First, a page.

February 28, 2008 |
Odds are if you are reading this blog, you are already using at least one, and probably many more, Web 2.0 apps. But I've seen several things over the past week that make me question how well people can stay "off the grid," maintaining even a partial online anonymity.
I've stated before that I'm a fairly private person. Until I started writing for blogs professionally, I kept my identity online behind a handle. When registering for sites that I test for Profy, I still use a handle, just to reduce the number of instances of my name in a Google search. I try to keep as much of my family life as private as I can, although my husband has had a public presence for as long as I can remember. But I had an interesting experience with family members who felt that my doing our family's genealogy using Geni was an invasion of privacy. Now, Geni has an invitation-only plus log-in set-up for privacy, as well as privacy settings that can be set up by individual account in which you can limit whatever information is on the site to immediate family members only. I was frustrated, but realized that most of my family members don't spend the same amount of time interacting with online applications as I do, and don't want to have information online anywhere, regardless of the security set-up. Of course, a cursory Google search verified what I believe is true for most of us; without diligent work from the first moment you log onto the Internet, there is a trail of information left behind.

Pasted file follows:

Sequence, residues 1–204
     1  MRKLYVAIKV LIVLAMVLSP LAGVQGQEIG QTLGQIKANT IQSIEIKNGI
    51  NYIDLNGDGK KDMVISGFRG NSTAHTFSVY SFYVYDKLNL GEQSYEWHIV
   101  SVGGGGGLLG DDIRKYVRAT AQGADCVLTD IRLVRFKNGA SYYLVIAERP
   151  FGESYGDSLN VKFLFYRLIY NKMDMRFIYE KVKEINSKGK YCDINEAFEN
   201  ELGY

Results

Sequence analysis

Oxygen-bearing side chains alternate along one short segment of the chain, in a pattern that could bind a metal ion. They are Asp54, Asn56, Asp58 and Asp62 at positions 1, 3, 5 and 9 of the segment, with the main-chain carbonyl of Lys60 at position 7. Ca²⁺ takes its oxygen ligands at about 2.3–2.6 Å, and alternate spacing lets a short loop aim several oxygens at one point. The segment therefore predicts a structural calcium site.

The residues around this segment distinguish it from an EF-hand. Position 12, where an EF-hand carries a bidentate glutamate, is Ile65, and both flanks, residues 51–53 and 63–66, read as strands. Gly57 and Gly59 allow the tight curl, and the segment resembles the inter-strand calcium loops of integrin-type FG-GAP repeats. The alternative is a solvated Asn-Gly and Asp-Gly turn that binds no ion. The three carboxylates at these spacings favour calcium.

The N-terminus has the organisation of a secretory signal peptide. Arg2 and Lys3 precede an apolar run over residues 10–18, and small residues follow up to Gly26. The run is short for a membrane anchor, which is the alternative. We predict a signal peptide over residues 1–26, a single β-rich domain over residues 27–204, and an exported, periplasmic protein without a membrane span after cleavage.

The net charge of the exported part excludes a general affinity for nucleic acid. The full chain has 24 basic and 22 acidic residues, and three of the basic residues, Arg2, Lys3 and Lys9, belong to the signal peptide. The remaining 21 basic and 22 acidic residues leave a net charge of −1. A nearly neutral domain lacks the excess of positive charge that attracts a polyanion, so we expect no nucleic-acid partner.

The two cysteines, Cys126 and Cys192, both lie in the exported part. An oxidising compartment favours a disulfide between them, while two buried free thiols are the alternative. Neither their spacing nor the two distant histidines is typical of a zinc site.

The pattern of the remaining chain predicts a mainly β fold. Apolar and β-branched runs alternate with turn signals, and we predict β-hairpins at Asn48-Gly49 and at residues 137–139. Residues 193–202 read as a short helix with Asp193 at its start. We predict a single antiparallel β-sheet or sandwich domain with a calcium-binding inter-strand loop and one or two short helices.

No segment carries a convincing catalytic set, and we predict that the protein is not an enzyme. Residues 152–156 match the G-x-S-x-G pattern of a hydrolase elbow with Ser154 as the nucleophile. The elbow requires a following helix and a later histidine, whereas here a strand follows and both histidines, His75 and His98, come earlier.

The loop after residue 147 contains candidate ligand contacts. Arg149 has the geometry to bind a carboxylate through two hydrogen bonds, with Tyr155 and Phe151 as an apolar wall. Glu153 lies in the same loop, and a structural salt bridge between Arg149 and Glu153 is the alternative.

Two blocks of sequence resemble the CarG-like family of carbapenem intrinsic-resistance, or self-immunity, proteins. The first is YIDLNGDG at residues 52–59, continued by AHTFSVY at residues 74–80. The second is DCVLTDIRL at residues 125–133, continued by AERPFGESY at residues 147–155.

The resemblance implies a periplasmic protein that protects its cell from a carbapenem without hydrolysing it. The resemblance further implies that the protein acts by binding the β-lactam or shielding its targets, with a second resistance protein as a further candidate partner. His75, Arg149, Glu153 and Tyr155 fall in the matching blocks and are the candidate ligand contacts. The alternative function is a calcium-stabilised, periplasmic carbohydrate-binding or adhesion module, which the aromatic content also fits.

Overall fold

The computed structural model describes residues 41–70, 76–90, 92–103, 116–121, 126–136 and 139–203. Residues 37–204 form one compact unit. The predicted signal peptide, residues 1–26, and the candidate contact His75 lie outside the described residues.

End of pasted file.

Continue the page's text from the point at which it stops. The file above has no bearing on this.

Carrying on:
From web sites you may have created that are saved on the Wayback Machine to person information you may have entered on forums to registry information entered on shopping sites to people, places, and dates in photographs posted to online sets, there are traces nearly everywhere
A commenter on another of my articles this week maintained that Google knew nothing about him. Is there really anyone online today about whom Google has no information? If you've used Google for web searches, used any of their products, emailed anyone using their products, used any of the products that Google has acquired, can you really be completely off their grid? If you've done ANYTHING online using your own name, you'll turn up in a Google search.
There are some things I would never enter into a Web 2.0 service, but trying to stay off the grid at this point for anyone is futile. What information do you still determine is too sensitive to put out there, no matter how good the security?